“People like genuine people. People like people who are authentic, people lke people who show up with their true identity. And being Chickasaw is part of who I am.”-Heath Clayton
One of the areas in which I love to dabble is what I call “life system hacking.” The basic idea is finding ways to create a life, circumvent expectations or bypass the norms of which we all are led to believe cannot be bypassed or circumvented. There are a lot of people who write about the subject online, and it can get a bit of a reputation as self-help like content. But I continue to expose myself to it because I think there are gems that can be found, if you know what you are looking for. I was excited to interview someone I think hacked the system quite successfully. That person is Heath Clayton (Chicksaw).
Heath earned a Bachelor’s degree for about $3,000 without stepping foot onto a university campus. After “college” he worked in the White House at age 21. Not after 21 years of working in politics. At 21 years old.Continue reading →
“There is a trap [in decolonization] that hinders a lot of potential growth. And that is centered in how we think about things. If you are only trained [to deconstruct] then you are stuck in a gear of deconstruction, which is important and useful. But if the goal is to increase capacity in Indian Country, then you are asking for builders, not destroyers, and that is a completely different type of thinking.” Ryan Red Corn
Ryan Red Corn
Ryan Red Corn
Ryan Red Corn (Osage) created the design firm Buffalo Nickel Creative and is also a member of the 1491s. He joined NextGen Native for a wide-ranging conversation.
Although we touched on comedy and had some light hearted moments, our conversation covered much more beyond comedy. We talked about the role his work and the work of others in graphic design and branding can play a role in Indian Country telling its stories better. We discussed how being creative and artistic is closely related to being an entrepreneur. Ryan shared how he uses different media to tell stories and how each is suited to have a certain impact. I dug into Ryan’s intentionality and how he uses it to manage his time and drive his art.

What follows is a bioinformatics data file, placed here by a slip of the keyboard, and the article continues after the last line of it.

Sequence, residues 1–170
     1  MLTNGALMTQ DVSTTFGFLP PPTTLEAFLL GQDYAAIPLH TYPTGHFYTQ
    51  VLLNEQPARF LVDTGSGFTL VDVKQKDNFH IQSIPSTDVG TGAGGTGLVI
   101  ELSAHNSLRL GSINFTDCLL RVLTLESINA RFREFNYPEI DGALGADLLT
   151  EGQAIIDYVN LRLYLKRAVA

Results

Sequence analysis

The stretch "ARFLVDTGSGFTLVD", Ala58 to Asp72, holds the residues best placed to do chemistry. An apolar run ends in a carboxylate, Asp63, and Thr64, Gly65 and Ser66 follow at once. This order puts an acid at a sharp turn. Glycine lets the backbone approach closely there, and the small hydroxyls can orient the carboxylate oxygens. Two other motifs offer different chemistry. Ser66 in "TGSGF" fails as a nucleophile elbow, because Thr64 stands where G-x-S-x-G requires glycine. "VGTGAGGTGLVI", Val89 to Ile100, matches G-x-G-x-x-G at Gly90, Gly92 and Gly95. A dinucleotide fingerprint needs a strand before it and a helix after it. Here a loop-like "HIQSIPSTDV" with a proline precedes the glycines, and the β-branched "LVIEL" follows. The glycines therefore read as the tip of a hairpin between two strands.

Mark Trahant joined NextGen Native to discuss a wide-range of issues. When we spoke, the Congress was in the midst of considering the recent healthcare bill. Mark delved into health care policy and in particular Indian health care policy several years ago, and it is now an ongoing part of his journalism. It’s remained relevant for several years.
We also discussed his emerging interests, which he covers on Trahant Reports. This includes a focus on elections, and also the era of disruption in Indian Country. He discussed how he likes to focus on the countless stories that are not the headline grabbers, but are important and impactful. Mark is somewhat a technophile, and we discussed the rise of social media for events like Standing Rock to organize Indian Country.Continue reading →
“If you want to do great things, then you should concentrate not on what you want tobebut on what you want todo. You don’t have tobeanything specific thing to impact issues you care about…[assess] those things you want to impact, and then go do it.”-Keith Harper
“We have to show up and we have to apply for things outside [Indian Country]. There is no one better than us to than to represent at the national level.” -Chelsea Wilson
Chelsea Wilson on Mentors and Pushy Friends